WASHINGTON -- The Pirates were encouraged by early observations of closer Jason Grilli's right forearm injury. But they are not yet able to breathe a sigh of relief.
Grilli was diagnosed with a right forearm strain and was placed on the 15-day disabled list Tuesday. He is back in Pittsburgh, where team doctors will perform a battery of tests to figure out what caused Grilli's right forearm to tighten up in his 24-pitch outing Monday.
"The initial read is encouraging," general manager Neal Huntington said. "But until we have the [complete] read, it doesn't make sense for us to get out in front and speculate on what it is and how long he's going to be down."
Grilli, 36, did not have an MRI before leaving for Pittsburgh. Huntington said the Pirates hope to have a complete diagnosis on Grilli in the next three days.
A forearm strain is a vague diagnosis teams give when there is incomplete information. Sometimes, it is as simple as a muscle strain. Other times, it can be as severe as a torn ligament that requires Tommy John surgery.
"There's a lot in the forearm, so it's kind of a generic diagnosis," Huntington said.
Grilli was optimistic Tuesday, Huntington and manager Clint Hurdle said.
"Jason got to see a number of the teammates before he left, and I think that was good for everybody," Hurdle said. "I told him we'll leave the light on for him."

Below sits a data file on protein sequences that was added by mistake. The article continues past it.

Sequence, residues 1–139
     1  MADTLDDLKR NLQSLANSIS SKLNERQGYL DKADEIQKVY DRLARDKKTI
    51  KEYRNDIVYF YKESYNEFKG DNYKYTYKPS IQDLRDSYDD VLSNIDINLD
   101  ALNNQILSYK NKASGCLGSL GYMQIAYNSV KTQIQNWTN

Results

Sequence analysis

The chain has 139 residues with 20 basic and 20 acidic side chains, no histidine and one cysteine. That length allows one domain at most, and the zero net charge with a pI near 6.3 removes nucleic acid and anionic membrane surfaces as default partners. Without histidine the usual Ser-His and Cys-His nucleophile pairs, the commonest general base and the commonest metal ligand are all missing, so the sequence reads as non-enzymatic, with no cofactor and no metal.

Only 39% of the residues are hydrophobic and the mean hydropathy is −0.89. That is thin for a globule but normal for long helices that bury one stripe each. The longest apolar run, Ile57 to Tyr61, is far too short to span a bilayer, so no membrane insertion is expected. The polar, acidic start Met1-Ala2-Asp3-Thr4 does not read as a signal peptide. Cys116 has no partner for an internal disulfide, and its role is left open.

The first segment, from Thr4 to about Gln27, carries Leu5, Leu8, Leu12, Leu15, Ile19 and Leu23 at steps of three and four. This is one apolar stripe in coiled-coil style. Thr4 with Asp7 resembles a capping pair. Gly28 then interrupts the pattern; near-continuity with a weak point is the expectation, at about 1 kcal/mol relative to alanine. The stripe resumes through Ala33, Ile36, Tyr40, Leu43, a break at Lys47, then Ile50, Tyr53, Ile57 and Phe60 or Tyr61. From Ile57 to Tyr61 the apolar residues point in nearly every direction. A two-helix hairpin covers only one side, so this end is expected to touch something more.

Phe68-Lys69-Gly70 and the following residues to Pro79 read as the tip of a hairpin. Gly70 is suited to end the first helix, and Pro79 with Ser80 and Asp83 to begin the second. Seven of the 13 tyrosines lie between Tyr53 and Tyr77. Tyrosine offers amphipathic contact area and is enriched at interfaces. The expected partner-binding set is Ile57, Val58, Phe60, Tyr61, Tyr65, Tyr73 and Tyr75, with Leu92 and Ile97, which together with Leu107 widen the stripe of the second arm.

The Pirates will turn to Mark Melancon to close games in Grilli's absence. And Hurdle plans to use a combination of pitchers -- Tony Watson, Bryan Morris, Justin Wilson and Vin Mazzaro -- to fill Melancon's spot as the setup man. The Pirates recalled reliever Vic Black from Class AAA Indianapolis to take Grilli's spot on the 25-man roster.
Huntington said the Pirates will monitor the trade market as well.
While the Pirates will notice a change from Grilli's fun-loving attitude in the bullpen and intense focus on the mound, Hurdle said he believes his team will adjust just fine as long as the wins and saves keep coming.
Injuries are nothing new to Grilli, a former first-round draft pick who missed two full seasons while battling different injuries -- Tommy John surgery sidelined him in 2002, and a catastrophic quad injury kept him off the field in 2010.
"He has a faith that's real," Hurdle said. "He said this is going to come good. This is just another chapter in the deal. And he'll just work his way through it."
Grilli was upbeat, though disappointed, in talking with his manager Monday night and Tuesday morning.
"As we talked [Tuesday] morning, he said, 'You know, I just wanted to stay on the wave,' " Hurdle said.
"And I said, 'What's really cool is nowadays, you big-time surfers, you've got that little thing around your ankle that you strap to the board. So when you do fall off the wave, you don't lose your board. We'll just paddle back out and get you on another wave.' "